Tuesday, September 29, 2015

Stop looking at youths as a problem but a resource, young entrepreneurs tell AGRF

By Friday Phiri – Lusaka, Zambia

A panel of youth entrepreneurs at the AGRF in Lusaka
Africa is currently endowed with a large population of young people with 65 percent of the population being below the age of 35 and experts believe these figures present an enormous opportunity that, if leveraged, could turn around the continent's food fortunes and drive its economic growth.

With this background, young Agribusiness entrepreneurs attending the 2015 African Green Revolution Forum (AGRF), which opened in Lusaka on 29th September have urged their governments to develop policies that favour youth’s participation in agricultural enterprises.

Women in Zambia’s Mukonchi community turn to seed-farming for livelihoods

By Friday Phiri
Members of Pache-Pache group

Africa’s potential to transform its economic fortunes through Agriculture is well documented.  Even amidst the challenges posed by climate change, experts believe Africa has the opportunity to develop using a green economic pathway. However, the question is how?

The women of Munkonchi, a manganese rich rural community in Zambia’s Mkushi district may be answering this question with an emphatic ‘Yes we can’.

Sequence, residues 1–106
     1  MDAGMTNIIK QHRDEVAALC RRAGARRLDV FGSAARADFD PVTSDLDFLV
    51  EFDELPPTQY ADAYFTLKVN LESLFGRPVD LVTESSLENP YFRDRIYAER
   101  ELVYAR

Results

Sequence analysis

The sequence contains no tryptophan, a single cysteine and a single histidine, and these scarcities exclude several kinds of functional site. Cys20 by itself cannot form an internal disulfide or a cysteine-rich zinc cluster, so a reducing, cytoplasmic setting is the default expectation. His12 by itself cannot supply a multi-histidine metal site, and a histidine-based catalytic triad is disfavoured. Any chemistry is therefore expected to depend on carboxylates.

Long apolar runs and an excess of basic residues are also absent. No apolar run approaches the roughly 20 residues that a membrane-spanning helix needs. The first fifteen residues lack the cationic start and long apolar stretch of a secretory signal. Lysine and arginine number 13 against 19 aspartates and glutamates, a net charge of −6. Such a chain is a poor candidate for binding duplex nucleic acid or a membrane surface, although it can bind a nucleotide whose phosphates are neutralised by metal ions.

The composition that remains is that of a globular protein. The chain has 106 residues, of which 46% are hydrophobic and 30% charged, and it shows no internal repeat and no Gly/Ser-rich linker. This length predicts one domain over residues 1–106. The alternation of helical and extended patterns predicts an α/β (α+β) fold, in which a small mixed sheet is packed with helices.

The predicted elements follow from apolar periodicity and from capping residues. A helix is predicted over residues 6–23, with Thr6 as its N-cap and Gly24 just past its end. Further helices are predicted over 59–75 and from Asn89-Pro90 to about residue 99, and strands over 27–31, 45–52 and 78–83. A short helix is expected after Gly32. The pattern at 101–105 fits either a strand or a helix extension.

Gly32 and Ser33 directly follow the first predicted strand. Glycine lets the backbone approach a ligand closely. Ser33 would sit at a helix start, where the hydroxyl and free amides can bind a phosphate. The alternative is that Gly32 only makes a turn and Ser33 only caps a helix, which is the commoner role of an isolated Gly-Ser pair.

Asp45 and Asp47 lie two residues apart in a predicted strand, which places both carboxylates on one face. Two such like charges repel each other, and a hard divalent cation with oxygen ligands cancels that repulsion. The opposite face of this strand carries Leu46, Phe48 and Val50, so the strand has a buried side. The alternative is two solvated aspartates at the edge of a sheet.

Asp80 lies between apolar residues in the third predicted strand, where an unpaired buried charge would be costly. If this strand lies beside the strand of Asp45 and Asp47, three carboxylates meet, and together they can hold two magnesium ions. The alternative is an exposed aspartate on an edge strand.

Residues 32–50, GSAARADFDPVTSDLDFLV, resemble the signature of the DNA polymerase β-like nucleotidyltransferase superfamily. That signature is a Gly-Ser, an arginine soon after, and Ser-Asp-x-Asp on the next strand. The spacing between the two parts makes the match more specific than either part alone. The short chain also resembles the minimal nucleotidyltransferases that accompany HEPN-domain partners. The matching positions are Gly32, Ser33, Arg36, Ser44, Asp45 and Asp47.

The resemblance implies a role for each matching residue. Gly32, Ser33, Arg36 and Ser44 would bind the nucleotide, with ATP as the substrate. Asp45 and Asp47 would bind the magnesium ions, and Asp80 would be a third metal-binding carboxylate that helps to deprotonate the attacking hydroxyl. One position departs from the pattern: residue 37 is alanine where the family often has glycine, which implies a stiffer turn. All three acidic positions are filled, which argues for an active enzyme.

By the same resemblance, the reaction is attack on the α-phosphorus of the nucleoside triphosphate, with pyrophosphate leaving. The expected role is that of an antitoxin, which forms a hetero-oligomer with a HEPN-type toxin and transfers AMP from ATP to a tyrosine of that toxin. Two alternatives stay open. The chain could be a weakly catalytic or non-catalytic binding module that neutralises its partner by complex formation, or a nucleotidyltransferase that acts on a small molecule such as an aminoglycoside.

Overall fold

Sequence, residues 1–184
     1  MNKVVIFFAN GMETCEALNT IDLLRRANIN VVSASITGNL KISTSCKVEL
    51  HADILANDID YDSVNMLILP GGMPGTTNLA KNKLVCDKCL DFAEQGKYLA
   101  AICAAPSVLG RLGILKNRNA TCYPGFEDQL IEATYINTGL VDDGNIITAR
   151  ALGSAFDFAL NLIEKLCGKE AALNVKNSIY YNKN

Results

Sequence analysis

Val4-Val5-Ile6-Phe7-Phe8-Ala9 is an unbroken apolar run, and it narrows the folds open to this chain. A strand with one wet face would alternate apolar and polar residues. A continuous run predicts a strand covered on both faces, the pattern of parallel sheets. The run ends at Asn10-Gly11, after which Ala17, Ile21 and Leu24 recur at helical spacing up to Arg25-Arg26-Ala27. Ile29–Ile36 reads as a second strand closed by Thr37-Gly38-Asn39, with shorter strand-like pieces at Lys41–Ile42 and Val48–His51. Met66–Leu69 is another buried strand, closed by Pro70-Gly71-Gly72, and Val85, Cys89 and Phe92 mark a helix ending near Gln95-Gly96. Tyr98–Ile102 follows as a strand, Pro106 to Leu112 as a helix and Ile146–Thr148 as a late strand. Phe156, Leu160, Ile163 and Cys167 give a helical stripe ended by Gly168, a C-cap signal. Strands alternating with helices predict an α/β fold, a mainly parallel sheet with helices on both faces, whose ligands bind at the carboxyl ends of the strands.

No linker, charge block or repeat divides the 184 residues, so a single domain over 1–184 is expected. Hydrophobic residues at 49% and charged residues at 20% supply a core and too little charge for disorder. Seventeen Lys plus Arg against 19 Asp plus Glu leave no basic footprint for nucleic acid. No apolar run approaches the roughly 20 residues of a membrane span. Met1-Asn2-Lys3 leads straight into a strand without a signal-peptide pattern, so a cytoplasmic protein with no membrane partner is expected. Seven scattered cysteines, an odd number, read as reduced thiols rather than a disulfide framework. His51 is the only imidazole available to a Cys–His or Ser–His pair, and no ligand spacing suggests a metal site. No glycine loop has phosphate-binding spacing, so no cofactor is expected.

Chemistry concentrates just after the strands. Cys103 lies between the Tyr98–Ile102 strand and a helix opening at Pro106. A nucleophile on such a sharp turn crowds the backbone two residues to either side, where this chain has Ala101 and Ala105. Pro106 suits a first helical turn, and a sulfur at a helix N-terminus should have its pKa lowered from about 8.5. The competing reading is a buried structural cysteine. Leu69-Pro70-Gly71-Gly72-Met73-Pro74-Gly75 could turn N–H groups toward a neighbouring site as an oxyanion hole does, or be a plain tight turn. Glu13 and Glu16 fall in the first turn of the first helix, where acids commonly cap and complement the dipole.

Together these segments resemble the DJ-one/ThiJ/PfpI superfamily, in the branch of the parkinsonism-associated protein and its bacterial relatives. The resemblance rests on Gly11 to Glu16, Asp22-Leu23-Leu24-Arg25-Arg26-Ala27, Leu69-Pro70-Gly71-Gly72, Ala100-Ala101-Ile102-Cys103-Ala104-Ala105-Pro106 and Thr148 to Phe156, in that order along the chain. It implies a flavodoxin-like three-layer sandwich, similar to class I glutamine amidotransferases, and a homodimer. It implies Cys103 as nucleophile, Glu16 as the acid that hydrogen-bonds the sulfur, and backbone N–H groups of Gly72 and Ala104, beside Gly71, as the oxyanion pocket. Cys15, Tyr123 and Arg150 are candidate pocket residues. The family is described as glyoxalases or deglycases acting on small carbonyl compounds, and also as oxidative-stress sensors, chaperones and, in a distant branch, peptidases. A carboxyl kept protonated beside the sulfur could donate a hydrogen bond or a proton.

Saturday, September 26, 2015

COP21 : La Côte d’Ivoire enfin prête pour Paris

Par Kanzly MIDEH
Après huit mois de concertations, de travail, de discussion, de recherche, de renforcement de capacité, de planification, et de validation, la Côte d’Ivoire a enfin terminé l’élaboration de son plan d’action climat, ses contributions prévues déterminée au niveau national (INDC) et les a soumises à la Convention Cadre des Nations Unies sur les Changements Climatiques (CCNUCC) le vendredi 11 Septembre 2015.

Thursday, September 17, 2015

Climate Change, a threat to Sustaining CAADP Momentum in Agric transformation

 By Kofi Adu Domfeh

 From Maputo to Malabo, the NEPAD Agency’s Comprehensive Africa Agriculture Development Programme (CAADP) has shown the way to transform Africa’s agricultural sector.
For the past decade, CAADP has served as the continent’s policy framework for agricultural sector growth and economic development.

Africa to Soldier on with Demanding for Climate Justice Beyond Paris

By Ann Makena

As the impacts of climate change keep biting African countries, all eyes are on Paris, where parties meet later this year to unveil a new agreement that everybody hopes should be the pathway to saving the continent from the deadly phenomenon.

Public dialogues and campaigns across different stakeholder groups in Africa (such as civil society, youth groups), are generating deep reflections on what awaits the region, following a post Kyoto climate agreement in Paris later this year.

Women should be the Key Drivers of Renewable Energy in Africa

 By Ann Makena

Africa countries face enormous development challenges that are primary concern. Increasing energy production and enhancing access to electricity and off grid sources of energy is at core of these challenges and is an imperative looking at the energy crisis the continent now faces. Access to sustainable health for all energy for all with no impact on health, the environment and the household budget should become a universal right, provided that policies are designed and implemented.